AI Ethics

Stay Clear of the Door

Written by David Lyreskog 


In what is quite possibly my last entry for the Practical Ethics blog, as I’m sadly leaving the Uehiro Centre in July, I would like to reflect on some things that have been stirring my mind the last year or so.

In particular, I have been thinking about thinking with machines, with people, and what the difference is.

The Uehiro Centre for Practical Ethics is located in an old carpet warehouse on an ordinary side street in Oxford. Facing the building, there is a gym to your left, and a pub to your right, mocking the researchers residing within the centre walls with a daily dilemma. 

As you are granted access to the building – be it via buzzer or key card – a dry, somewhat sad, voice states “stay clear of the door” before the door slowly swings open.

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ChatGPT Has a Sexual Harassment Problem

written by César Palacios-González


If I were to post online that you have been accused of sexually harassing someone, you could rightly maintain that this is libellous. This is a false statement that damages your reputation. You could demand that I correct it and that I do so as soon as possible. The legal system could punish me for what I have done, and, depending on where I was in the world, it could send me to prison, fine me, and ask me to delete and retract my statements. Falsely accusing someone of sexual harassment is considered to be very serious.

In addition to the legal aspect there is also an ethical one. I have done something morally wrong, and more specifically, I have harmed you. We know this because, everything else being equal, if I had not falsely claimed that you have been accused of sexual harassment, you would be better off. This way of putting it might sound odd but it is not really so if we compare it to, for example, bodily harms. If I wantonly break your arm I harm you, and I do so because if I hadn’t done so you would be better off. Continue reading

Video Interview: Introducing Oxford Uehiro Centre’s Academic Visitor, Prof Dr Matthias Braun

In the first of a new series of short videos produced by the OUC introducing the academic visitors at the Oxford Uehiro Centre and the practical ethics research that they are involved in.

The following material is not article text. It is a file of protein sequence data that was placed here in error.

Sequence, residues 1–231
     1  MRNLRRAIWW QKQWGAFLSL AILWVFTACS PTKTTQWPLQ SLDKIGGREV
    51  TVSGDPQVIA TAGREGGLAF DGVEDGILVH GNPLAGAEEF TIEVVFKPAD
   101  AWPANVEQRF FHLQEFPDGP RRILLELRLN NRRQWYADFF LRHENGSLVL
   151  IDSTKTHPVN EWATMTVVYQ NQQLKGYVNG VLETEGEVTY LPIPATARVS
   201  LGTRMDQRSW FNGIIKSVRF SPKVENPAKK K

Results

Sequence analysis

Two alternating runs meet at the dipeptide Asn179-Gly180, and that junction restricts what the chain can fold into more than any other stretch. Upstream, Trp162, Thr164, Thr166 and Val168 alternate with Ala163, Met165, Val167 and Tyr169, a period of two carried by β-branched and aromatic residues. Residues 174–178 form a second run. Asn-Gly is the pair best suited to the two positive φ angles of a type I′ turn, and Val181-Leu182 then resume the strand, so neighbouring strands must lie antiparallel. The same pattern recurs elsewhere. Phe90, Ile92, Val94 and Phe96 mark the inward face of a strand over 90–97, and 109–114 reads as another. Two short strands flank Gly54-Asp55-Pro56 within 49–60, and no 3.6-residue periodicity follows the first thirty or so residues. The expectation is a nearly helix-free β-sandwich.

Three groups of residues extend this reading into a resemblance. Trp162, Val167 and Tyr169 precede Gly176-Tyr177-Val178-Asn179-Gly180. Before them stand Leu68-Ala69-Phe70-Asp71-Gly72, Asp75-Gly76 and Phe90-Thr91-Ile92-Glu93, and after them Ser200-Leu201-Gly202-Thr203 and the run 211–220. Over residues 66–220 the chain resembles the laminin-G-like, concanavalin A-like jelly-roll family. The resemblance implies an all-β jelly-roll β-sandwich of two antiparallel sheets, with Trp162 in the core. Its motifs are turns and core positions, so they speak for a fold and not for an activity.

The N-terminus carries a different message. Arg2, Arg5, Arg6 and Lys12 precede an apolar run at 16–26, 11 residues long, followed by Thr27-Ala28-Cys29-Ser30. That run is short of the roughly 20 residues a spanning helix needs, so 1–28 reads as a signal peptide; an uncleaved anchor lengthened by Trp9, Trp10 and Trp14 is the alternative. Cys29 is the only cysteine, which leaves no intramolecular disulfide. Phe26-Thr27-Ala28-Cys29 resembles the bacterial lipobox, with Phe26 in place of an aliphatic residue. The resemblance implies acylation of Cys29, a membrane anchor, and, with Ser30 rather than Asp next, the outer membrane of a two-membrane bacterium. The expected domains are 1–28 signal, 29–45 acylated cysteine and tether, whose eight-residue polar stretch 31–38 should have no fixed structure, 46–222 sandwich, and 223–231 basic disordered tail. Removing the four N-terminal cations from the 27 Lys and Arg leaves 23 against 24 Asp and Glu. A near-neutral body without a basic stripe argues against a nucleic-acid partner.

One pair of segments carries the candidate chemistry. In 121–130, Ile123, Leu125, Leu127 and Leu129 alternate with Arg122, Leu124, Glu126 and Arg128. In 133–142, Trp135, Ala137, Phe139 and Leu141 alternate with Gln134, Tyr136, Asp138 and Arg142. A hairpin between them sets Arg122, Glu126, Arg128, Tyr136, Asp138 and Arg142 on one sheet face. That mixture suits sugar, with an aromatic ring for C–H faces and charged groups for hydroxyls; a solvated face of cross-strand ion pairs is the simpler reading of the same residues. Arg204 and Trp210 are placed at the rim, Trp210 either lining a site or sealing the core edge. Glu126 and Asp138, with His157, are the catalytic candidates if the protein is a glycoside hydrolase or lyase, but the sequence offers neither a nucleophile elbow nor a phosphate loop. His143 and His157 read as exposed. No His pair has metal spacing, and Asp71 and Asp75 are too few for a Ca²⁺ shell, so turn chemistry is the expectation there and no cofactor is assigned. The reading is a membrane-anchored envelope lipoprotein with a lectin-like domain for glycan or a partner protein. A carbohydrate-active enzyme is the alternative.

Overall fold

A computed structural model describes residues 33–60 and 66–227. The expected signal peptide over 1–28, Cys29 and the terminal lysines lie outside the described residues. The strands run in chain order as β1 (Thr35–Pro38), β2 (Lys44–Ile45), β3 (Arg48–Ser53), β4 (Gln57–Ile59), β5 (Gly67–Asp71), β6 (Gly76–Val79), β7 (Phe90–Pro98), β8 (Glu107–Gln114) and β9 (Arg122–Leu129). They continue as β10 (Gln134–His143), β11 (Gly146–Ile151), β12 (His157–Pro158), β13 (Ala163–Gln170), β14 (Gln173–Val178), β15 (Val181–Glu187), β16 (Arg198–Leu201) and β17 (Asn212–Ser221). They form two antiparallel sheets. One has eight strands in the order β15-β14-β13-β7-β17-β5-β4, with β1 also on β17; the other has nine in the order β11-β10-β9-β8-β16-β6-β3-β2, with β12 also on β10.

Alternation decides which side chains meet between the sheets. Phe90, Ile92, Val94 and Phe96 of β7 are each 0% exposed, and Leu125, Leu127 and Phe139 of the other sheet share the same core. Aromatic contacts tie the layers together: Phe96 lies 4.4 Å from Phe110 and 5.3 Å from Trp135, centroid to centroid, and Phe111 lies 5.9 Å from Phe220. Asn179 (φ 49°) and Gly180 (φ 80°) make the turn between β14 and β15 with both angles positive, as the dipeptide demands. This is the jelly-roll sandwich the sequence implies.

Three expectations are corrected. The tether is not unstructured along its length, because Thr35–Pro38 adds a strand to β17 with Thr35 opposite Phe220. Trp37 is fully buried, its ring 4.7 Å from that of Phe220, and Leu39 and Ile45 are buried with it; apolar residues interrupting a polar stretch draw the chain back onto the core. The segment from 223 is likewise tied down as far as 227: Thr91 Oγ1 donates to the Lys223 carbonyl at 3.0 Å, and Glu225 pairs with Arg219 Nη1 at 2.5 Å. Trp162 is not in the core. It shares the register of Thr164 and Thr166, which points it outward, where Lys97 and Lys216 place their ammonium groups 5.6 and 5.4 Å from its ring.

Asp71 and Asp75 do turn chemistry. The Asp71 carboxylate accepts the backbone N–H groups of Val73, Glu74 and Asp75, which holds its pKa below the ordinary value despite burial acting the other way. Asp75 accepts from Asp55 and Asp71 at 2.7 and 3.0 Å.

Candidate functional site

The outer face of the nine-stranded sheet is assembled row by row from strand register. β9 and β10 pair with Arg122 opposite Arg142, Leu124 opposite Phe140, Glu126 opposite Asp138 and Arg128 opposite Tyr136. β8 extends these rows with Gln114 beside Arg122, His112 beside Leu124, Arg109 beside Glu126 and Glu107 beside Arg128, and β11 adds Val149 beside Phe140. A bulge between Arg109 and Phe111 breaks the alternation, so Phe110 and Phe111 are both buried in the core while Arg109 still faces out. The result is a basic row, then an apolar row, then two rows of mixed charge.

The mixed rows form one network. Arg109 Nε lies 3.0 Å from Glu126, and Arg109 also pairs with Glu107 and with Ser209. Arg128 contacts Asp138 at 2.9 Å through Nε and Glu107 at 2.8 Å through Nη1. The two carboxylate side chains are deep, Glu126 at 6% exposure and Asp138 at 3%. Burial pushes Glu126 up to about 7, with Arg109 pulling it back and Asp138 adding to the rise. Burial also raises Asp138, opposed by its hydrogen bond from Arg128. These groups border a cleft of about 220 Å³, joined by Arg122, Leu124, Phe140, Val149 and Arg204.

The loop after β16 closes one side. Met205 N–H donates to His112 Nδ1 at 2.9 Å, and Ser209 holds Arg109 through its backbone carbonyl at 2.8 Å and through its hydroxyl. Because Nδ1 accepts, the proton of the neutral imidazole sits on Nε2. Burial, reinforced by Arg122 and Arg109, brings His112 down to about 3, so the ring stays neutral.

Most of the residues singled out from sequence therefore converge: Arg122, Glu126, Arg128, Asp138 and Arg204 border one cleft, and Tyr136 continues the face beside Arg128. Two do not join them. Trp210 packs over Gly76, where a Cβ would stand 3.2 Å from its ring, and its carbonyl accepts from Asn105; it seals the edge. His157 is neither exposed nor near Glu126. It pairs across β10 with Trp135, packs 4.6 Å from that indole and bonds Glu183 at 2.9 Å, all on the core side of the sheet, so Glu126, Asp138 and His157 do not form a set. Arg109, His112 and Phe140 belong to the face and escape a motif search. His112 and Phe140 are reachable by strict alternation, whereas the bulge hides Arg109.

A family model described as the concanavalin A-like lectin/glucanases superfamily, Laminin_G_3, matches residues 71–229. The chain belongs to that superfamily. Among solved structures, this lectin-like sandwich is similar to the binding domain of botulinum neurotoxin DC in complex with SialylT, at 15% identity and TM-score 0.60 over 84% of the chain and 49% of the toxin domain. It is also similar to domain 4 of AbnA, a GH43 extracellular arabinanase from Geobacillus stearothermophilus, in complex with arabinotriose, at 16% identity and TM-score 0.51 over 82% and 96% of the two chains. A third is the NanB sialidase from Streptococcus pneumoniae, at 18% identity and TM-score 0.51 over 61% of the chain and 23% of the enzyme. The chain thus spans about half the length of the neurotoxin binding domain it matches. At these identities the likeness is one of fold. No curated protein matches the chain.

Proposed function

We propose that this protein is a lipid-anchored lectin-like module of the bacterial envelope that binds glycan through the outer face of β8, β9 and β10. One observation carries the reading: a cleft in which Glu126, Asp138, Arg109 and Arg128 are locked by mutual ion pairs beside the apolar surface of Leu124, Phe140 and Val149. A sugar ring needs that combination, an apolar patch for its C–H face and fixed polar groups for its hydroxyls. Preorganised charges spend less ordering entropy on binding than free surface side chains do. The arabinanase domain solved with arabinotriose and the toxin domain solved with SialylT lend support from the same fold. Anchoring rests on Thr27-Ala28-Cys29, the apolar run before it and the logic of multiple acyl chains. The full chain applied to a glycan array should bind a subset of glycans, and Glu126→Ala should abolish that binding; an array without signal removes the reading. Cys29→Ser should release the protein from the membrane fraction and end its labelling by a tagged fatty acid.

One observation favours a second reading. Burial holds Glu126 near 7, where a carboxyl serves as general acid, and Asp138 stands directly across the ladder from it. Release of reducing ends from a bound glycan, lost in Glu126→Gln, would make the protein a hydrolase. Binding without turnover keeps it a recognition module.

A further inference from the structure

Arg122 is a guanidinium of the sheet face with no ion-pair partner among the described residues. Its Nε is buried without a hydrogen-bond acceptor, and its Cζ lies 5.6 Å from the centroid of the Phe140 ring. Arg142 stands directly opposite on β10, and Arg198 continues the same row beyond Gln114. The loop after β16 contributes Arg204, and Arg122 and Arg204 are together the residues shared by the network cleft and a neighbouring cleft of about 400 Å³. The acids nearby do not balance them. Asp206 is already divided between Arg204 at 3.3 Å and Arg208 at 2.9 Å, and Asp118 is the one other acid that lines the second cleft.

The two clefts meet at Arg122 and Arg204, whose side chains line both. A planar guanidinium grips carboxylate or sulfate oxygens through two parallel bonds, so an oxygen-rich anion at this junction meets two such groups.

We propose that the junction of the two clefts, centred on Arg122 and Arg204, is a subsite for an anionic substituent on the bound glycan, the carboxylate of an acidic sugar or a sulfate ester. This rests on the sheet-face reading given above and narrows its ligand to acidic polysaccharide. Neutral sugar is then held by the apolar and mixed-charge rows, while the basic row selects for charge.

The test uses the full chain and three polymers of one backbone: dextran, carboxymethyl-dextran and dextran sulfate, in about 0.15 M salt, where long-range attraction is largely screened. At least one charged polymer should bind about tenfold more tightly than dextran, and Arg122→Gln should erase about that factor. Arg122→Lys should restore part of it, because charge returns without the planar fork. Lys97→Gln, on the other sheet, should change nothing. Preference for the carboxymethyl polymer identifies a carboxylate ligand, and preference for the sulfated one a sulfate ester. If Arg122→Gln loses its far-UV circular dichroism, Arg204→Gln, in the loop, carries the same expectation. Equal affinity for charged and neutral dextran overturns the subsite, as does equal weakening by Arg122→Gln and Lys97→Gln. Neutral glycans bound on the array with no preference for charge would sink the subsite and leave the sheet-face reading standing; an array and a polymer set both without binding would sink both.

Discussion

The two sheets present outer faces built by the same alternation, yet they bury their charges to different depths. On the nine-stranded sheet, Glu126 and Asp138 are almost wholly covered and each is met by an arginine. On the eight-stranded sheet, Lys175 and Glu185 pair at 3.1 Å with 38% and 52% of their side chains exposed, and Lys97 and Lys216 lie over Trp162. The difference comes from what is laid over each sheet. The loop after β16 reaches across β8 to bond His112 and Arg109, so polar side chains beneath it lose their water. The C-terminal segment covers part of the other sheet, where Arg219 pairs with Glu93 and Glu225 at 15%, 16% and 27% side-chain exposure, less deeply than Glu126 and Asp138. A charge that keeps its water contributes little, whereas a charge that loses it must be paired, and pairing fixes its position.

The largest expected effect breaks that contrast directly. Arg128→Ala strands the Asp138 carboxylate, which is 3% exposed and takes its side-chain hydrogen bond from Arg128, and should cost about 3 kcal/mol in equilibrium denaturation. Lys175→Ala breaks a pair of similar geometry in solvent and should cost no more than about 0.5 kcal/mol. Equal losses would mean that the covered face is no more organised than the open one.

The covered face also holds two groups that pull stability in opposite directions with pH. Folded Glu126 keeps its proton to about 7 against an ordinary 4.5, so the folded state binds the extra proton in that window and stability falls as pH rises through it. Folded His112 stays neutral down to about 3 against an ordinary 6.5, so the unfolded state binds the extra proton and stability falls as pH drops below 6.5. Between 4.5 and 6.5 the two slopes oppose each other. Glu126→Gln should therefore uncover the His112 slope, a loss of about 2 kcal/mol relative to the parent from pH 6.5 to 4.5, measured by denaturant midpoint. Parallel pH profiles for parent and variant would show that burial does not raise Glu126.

Should Social Media Companies Use Artificial Intelligence to Automate Content Moderation on their Platforms and, if so, Under What Conditions?

This article received an honourable mention in the graduate category of the 2023 National Oxford Uehiro Prize in Practical Ethics

Written by University of Oxford student Trenton Andrew Sewell 

Social Media Companies (SMCs) should use artificial intelligence (‘AI’) to automate content moderation (‘CM’) presuming they meet two kinds of conditions. Firstly, ‘End Conditions’ (‘ECs’) which restrict what content is moderated. Secondly, ‘Means Conditions’ (‘MCs’) which restrict how moderation occurs.

This essay focuses on MCs. Assuming some form of moderation is permissible, I will discuss how/whether SMCs should use AI to moderate. To this end, I outline CM AI should respect users ‘moral agency’ (‘MA’) through transparency, clarity, and providing an option to appeal the AI’s judgment. I then address whether AI failing to respect MA proscribes its use. It does not. SMCs are permitted[1] to use AI, despite procedural failures, to discharge substantive obligations to users and owners. Continue reading

Guest Post: Dear Robots, We Are Sorry

Written by Stephen Milford, PhD

Institute for Biomedical Ethics, Basel University


The rise of AI presents humanity with an interesting prospect: a companion species. Ever since our last hominid cousins went extinct from the island of Flores almost 12,000 years ago, homo Sapiens have been alone in the world.[i] AI, true AI, offers us the unique opportunity to regain what was lost to us. Ultimately, this is what has captured our imagination and drives our research forward. Make no mistake, our intentions with AI are clear: artificial general intelligence (AGI). A being that is like us, a personal being (whatever person may mean).

If any of us are in any doubt about this, consider Turing’s famous test. The aim is not to see how intelligent the AI can be, how many calculations it performs, or how it shifts through data. An AI will pass the test if it is judged by a person to be indistinguishable from another person. Whether this is artificial or real is academic, the result is the same; human persons will experience the reality of another person for the first time in 12 000 years, and we are closer now than ever before. Continue reading